The Horse Digestive System – How It Works and How You Can Keep it Running Smoothly

The Horse Digestive System

The horse digestive system is not difficult to understand. Understanding how horses’ digestive tract works will help horse owners feed smarter and prevent digestive related illnesses.

 

Horse Digestive System

Mouth

As with all mammals,digestion starts with mouth. Using their lips, tongue and teeth horses grasp food and break it down using  their 3 saliva glands and 36-40 teeth. To effectively chew a horse’s jaw combines lateral and vertical motions. These sweeping jaw motions mix the feed with saliva and kickstart the digestion process.

Esophagus

The horse’s esophagus is a simple tube that delivers food from the mouth to the stomach. A horse’s esophagus is roughly 1.5m in length. With such a far distance to travel food that isn’t properly broken down can get lodged in the horses throat and cause them to choke, this is why maintenance of a horse’s teeth is so important.

Stomach

Perhaps the most important part of the horse digestive system, a horse’s stomach is relatively small and only makes up about 10% of digestive system. The horse’s stomach contains 3 sections – the saccus caecus, fundic and pyloric. The saccus caecus is where the stomach and esophagus meet. When food hit this section pepsin and hydrochloric acids breakdown it down. Under normal circumstance fermentation will slow down and eventually stop, however if it does not the stomach will fill up quickly. The combination of fixed size stomach and fermenting foods will cause a build up of gas and potentially gastric colic.

Next the broken down food reaches the fundic region. Here lipids and proteins are drawn out and degraded from food before it moves onto the pyloric region. The pyloric area is where the stomach and small intestine join, most protein is absorbed in this stage.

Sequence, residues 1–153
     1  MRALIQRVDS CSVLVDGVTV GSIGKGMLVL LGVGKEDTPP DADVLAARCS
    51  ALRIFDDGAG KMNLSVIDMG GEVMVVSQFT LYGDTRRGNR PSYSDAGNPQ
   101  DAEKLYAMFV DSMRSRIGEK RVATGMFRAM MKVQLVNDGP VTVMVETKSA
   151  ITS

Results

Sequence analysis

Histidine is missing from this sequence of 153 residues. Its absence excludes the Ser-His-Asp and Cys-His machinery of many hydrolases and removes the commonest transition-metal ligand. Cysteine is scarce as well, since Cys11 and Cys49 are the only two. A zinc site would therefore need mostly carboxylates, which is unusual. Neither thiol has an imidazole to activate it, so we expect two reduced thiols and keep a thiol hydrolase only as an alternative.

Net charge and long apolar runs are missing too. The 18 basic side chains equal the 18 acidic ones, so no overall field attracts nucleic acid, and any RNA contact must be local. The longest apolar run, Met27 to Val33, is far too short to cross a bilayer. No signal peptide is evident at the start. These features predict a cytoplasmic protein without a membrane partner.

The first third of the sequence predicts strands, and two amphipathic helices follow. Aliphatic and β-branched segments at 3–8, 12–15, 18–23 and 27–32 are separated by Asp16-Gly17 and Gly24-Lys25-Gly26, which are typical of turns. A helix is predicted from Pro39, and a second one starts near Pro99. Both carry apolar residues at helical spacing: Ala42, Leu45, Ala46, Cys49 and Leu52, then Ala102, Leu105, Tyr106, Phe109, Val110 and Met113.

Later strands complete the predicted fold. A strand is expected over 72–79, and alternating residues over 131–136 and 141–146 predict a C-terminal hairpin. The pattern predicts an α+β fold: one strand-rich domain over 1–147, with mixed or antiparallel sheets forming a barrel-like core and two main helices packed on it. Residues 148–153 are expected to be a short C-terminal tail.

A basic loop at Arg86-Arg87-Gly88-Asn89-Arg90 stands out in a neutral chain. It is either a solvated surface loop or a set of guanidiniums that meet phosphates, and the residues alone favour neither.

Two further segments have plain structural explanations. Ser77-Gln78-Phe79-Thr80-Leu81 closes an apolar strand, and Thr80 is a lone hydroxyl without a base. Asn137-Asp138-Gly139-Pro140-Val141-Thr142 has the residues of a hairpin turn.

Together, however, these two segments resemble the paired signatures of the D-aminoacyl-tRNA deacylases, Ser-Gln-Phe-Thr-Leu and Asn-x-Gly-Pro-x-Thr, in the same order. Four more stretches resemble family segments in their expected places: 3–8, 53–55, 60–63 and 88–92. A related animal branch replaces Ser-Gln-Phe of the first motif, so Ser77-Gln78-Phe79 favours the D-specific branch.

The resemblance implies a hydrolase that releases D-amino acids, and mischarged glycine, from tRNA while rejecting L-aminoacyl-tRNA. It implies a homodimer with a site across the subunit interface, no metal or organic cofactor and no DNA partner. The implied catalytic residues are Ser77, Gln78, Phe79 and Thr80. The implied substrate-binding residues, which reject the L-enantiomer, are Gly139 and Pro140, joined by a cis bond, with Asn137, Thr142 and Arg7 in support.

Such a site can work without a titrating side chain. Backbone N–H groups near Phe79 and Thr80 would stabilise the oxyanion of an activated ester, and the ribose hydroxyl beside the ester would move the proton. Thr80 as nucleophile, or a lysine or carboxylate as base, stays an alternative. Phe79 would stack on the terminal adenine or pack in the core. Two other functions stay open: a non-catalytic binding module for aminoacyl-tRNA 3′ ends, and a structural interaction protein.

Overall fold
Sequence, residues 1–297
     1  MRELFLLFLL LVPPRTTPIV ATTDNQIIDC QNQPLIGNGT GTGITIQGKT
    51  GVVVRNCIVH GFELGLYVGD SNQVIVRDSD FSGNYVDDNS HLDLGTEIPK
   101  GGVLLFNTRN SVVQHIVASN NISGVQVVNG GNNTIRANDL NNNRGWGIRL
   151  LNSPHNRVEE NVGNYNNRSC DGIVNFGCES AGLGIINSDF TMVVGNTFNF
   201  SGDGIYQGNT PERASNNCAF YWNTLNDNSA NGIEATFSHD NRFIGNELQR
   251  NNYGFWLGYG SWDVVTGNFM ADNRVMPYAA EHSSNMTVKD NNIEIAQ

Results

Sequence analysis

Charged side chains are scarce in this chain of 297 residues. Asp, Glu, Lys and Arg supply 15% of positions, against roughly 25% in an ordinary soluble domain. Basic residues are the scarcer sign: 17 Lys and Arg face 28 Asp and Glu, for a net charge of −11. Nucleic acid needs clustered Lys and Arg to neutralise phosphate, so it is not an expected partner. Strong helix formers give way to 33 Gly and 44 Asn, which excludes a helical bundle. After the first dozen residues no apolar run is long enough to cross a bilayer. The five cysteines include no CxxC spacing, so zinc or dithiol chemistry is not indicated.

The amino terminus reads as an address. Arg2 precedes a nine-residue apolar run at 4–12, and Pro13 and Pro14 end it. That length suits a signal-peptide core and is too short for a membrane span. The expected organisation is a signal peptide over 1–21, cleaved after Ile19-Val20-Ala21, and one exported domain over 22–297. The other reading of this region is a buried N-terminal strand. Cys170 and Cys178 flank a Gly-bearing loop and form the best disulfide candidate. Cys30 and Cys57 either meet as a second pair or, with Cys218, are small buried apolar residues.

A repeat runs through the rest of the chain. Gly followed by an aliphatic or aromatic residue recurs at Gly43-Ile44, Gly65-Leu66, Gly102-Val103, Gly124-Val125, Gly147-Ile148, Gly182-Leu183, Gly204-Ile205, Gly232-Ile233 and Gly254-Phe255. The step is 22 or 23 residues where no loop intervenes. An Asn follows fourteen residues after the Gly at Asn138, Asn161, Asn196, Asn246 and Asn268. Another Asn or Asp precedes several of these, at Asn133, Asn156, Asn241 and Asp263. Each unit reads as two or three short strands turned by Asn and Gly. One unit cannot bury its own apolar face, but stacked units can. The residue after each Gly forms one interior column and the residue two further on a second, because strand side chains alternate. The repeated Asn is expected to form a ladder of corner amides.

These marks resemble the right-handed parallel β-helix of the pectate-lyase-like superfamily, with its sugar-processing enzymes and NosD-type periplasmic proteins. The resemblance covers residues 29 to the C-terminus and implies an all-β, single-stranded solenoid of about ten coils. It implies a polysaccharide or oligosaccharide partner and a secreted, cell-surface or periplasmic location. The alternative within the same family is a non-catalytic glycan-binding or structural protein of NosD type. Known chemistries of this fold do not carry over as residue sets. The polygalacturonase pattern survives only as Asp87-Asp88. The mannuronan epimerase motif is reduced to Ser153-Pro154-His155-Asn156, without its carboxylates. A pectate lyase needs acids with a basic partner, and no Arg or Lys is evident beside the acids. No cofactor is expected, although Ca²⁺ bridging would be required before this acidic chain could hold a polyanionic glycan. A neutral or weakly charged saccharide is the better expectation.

Small Intestine

Next on the horse digestive system tour we hit the small intestine. Making up about 28% of the horses’ digestive tract, it is 15-22m long and does a majority of the digesting. Pancreatic enzymes aid in digestion and nutrients are then absorbed through the walls of the small intestine and deposited into the blood stream. Through the blood stream nutrients are delivered to whichever cells need them. Horses, unlike cows, don’t have bacteria in their small intestine, therefore any toxins that are digested are carried directly to the blood stream. That is why feeding moldy hay or feed is such a hazard to horses.

The more digestible grain is the more work can be done in the small intestine, this leaves less work for the large intestine and lowers the risk of colic, laminitis and acidosis.

Large Intestine

Also know as the hind gut, the large intestine contains the caecum, colon, rectum and anus. Containing 62% of the digestive system, it is 7m long. The digestion that occurs here is more microbial rather than enzymatic.

Fermentation begins in caecum and food will normally remain there for about seven hours. Here vitamins, fatty acids and some proteins will be absored. Next food moves to the large colon where most of the leftover nutrients will be absorbed. Fibrous materials are mostly digested in the large colon but too high of a fibrous diet can cause of twisted gut colic.

Next, whatever is left moves to the small colon. By now most useful nutrients have been absorbed and whatever is left is waste. The main job of the small colon is to reclaim excess moisture and return it to the body. Horse fecal matter is shaped during this process into ball shapes are sent to the rectum and out through the anus.

FAQ

How many stomachs does a horse have? Horses are non-ruminants, therefore they only have 1 stomach.

Can horses vomit? Horses can’t throw up. The valve between their stomach and esophagus only operates one way, unlike humans.

Should you feed horses hay or grain first? Grain is more dense and will stay in the gut longer but no study has identified an advantage either way.

When fed correctly, the horse digestive system works like a well oiled machine, but experienced equestrians know how sensitive the horses’ gut can be. Colic, ulcers and other digestive tract issues are common in horses and often take veterinary interference to resolve.

For more details check out this article by Hygain feed